So if you are sending a request in this destination, can't handle it in time, then you cut it off and then you can retry and maybe you retry to that same pod, or maybe you retry to one of its peers and you get a certain budget that's allocated to do that. So you're allowed to retry, you know, 10% of your requests. And after that budget then, okay, sorry, the system is like failing on top of that. They're circuit breaking, you know, there, there's a <laugh> Yeah, there's a lot of techniques that linker D brings and that's part of its mission, right? It's like, you know, this is stuff that should not be an application code because it's really complicated to get right, and it's not really specific to your application, right? This is like, this should be part of the underlying platform.
Brian Chee (00:54:26):
Let me, let me ask yet another new question. Yeah. So we're hopefully our viewers are, are staggering in the deployment of their systems. Are there some mechanism as instrumentation so that I could say roll out the new version and not touch the old ones and put some instrumentation there so I could say, oh, it's broke. Roll back please. Yeah,
William Morgan (00:54:52):
Yeah, yeah, exactly. So this is called, you know, sometimes a bluegreen deploy, sometimes a canary deploy. Yeah. So Linky has some, you know, a mechanism by which you can, you've got your existing service, you launched the new version of it, but it's not taking any traffic. And then you slowly shift traffic from the old one to the new one. Linky is also monitoring, you know, so it's giving you, here's your mm-hmm. <Affirmative>, HTP error codes, you know, here's your success rate, here's your latency, and then you can make a decision, okay, we do add a little bit more. Oh, no, no, no, it's going bad. Like <laugh> undo that, right? And in fact, you can add automation on top of that. So you can have an automated system that's doing that gradual progressive rollout based on actual system health metrics. And you can get very sophisticated with these systems, so, yeah. Yeah, absolutely.
Brian Chee (00:55:42):
All right. Last newbie question for you. I'm a corporation or an organization, this sounds good. You're, you're saying a lot of the right things. What kind of homework should I be doing so that we can nudge the process along so that I could go and think about doing some work with buoyant or Linky?
William Morgan (00:56:08):
Yeah. So you know, there's these are not newbie questions by the way, <laugh>. These are excellent questions that, you know I think you know, are, are definitely easy to ask. So I would say you know, o one way, you know, so certainly everything we have about Link, almost everything we have about Linky is out there online, right? The linky to IO has all the docs and, and it's easy to download and get started. If you have access to a functioning Kubernetes cluster, you know, and you know how to use it, you can get linky running in like, you know, probably under five minutes. That's, so that's one side is you can just self-educate. The other extreme of that is you can, you know, you can come talk to us at Buoyant, and we, we will help you as we've helped many other organizations adopt the service mesh.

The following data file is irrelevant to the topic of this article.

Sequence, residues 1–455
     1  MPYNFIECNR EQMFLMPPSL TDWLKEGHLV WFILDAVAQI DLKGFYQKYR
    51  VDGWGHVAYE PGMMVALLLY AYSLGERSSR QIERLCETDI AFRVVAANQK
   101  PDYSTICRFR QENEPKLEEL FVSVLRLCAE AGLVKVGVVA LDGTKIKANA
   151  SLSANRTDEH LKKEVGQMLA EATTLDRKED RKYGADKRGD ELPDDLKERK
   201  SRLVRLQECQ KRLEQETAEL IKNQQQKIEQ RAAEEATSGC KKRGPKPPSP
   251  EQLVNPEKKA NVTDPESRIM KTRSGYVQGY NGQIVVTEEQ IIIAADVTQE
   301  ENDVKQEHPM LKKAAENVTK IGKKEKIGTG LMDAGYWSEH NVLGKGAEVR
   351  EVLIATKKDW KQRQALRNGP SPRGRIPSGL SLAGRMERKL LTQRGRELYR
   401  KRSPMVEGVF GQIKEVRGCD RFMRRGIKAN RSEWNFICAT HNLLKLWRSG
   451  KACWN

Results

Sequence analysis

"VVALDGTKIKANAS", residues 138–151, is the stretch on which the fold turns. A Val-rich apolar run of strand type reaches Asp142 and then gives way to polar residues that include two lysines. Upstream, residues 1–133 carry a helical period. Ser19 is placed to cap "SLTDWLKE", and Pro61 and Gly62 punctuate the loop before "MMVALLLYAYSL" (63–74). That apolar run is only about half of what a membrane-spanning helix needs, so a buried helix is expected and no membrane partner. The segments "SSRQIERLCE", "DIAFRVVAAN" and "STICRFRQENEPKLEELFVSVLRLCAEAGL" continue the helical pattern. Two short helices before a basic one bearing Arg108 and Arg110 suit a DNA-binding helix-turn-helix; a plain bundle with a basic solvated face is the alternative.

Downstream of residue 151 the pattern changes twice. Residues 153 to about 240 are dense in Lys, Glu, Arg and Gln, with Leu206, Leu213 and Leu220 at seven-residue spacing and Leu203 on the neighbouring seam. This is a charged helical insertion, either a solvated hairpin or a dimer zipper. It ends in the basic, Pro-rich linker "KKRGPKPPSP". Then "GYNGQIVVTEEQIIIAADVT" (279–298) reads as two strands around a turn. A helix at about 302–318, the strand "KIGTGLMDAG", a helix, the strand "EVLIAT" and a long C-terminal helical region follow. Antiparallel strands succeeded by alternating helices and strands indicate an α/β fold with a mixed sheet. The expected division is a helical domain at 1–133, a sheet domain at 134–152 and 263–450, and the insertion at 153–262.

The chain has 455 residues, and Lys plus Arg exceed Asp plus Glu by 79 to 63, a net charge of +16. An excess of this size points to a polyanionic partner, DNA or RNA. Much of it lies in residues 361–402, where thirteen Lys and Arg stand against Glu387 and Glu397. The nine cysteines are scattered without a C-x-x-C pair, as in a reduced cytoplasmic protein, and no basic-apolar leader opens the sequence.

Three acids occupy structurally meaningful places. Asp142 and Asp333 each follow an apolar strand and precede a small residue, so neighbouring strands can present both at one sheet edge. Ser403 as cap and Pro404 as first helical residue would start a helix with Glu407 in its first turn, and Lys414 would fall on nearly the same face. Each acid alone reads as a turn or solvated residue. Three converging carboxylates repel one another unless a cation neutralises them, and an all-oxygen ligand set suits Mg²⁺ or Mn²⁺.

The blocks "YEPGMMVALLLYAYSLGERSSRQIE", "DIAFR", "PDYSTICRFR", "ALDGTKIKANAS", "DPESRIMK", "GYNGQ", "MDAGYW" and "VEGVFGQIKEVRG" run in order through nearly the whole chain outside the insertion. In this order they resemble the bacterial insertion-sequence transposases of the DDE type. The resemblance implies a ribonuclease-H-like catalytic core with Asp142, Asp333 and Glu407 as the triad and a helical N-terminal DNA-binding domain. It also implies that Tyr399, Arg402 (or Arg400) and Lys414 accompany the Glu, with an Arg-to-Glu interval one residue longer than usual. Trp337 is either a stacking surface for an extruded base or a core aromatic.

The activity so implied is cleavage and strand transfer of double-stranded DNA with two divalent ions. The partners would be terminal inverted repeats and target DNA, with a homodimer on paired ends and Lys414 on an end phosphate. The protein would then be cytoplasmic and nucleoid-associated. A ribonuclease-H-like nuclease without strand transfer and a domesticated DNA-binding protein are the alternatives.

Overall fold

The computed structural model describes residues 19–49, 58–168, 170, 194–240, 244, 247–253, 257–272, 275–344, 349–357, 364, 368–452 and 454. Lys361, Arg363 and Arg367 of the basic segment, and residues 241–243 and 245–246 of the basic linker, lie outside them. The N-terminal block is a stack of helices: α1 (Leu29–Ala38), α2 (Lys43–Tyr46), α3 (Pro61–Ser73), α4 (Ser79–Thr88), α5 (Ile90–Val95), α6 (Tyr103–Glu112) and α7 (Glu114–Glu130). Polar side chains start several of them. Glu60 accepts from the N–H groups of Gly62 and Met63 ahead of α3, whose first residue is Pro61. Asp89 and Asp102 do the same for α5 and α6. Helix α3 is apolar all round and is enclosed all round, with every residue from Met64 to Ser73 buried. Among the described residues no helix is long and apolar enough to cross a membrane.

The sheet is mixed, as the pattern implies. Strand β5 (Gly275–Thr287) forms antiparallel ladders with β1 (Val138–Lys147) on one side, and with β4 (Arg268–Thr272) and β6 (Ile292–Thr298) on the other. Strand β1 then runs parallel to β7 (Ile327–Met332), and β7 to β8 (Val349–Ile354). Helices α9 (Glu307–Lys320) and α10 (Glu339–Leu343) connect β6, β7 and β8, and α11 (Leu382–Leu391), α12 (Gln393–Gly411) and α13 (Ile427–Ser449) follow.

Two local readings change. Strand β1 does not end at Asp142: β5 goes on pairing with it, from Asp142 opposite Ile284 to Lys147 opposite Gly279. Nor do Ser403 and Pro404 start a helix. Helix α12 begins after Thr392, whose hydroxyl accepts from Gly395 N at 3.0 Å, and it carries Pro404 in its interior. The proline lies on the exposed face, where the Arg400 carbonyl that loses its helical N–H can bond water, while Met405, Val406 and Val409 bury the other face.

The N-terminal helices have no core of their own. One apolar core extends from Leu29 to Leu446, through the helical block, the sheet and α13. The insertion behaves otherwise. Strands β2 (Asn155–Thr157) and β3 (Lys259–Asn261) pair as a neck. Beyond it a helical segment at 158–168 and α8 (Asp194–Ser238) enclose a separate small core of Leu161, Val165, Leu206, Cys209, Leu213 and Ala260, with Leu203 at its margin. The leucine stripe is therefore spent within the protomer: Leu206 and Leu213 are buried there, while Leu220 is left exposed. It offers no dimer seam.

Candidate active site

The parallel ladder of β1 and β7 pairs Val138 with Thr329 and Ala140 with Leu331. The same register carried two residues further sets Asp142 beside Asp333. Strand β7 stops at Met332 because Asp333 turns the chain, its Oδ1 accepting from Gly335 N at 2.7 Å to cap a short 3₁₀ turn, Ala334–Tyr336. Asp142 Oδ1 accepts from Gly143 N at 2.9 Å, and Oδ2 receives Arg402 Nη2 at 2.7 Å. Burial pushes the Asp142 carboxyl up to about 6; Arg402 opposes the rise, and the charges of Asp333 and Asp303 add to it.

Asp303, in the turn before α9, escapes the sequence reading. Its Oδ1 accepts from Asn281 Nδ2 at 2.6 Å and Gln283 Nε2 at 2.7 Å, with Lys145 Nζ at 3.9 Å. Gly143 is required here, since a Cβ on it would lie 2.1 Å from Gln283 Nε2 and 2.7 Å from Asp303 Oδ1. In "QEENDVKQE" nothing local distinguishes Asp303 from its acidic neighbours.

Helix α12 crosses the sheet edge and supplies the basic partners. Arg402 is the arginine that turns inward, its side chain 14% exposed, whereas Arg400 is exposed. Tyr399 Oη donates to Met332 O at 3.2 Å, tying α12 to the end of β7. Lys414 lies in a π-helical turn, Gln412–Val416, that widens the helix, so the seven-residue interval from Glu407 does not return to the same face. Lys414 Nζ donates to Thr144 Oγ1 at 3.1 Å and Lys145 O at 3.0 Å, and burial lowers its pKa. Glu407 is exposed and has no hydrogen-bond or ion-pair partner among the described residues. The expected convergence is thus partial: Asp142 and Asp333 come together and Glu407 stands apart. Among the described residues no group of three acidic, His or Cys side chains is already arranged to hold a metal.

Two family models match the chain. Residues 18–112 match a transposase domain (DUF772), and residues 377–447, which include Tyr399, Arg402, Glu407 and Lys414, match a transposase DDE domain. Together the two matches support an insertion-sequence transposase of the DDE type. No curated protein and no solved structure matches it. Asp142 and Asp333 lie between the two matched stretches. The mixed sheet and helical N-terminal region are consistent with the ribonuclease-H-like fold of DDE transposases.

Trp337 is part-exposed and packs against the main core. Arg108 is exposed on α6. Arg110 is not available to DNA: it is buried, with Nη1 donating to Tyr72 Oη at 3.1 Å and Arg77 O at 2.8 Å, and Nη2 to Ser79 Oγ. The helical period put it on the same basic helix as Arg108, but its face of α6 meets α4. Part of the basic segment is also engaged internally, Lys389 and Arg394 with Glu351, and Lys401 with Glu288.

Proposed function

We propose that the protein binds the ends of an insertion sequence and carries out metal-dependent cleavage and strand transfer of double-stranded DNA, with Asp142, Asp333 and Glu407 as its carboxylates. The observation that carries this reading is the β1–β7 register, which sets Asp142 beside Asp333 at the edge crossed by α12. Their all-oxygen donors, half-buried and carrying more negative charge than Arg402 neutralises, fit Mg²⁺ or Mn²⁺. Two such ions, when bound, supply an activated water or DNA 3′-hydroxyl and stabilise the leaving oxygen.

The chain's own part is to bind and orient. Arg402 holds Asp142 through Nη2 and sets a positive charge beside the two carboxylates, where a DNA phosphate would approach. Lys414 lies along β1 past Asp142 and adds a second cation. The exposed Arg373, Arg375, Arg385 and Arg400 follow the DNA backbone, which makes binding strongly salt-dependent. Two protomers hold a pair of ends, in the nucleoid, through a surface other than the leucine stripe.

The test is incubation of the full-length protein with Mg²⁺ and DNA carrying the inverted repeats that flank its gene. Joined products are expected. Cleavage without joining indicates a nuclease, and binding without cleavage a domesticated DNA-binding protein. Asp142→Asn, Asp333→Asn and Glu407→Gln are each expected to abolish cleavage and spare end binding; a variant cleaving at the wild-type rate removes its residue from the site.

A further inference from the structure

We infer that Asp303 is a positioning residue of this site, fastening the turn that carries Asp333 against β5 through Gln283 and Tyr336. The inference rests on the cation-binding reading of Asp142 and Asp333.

You know, we'll help you, we'll, we'll help you understand exactly which pieces you do need and which pieces you don't, and you know, what parts of your application we can help with and, and so on. And you know, I, I'd say the thing to watch for, the thing to be wary of is the service mesh continues to be a very buzzy space, you know, with that buzz and with that hype means that there's a lot of nonsense out there, frankly. So you have to be very clear when you're reading through all the material and, you know, you start service mesh and there's like, first thing you see is like eight ads. Okay? That's already a sign that like, you know, you're entering, you know, murky waters here. So you have to be very judicious when you're reading through this material, okay, is this marketing or is this real, right? Is this an engineer saying this, or is this like a product marketer saying this? And, but I think if you have that, you know, if you see it through those lens, you can quickly kind of discover what the salient features are on the salient projects and which ones, you know, have, which capabilities. And of course, worst case, download it and, and, and try it yourself, right? That's the beauty of, of open source. There's nothing that really stands between you and the harsh reality of running this thing on your own cluster.
Louis Maresca (00:58:04):
Always try things out. I agree. Thank you, William. Well, it's amazing how time flies when you're having fun. It's great having you on the show. Since we're running low on time though, we wanted to give you a chance to tell the folks so where they can learn more about buoyant, maybe how they get started on some of your cloud offerings.
William Morgan (00:58:18):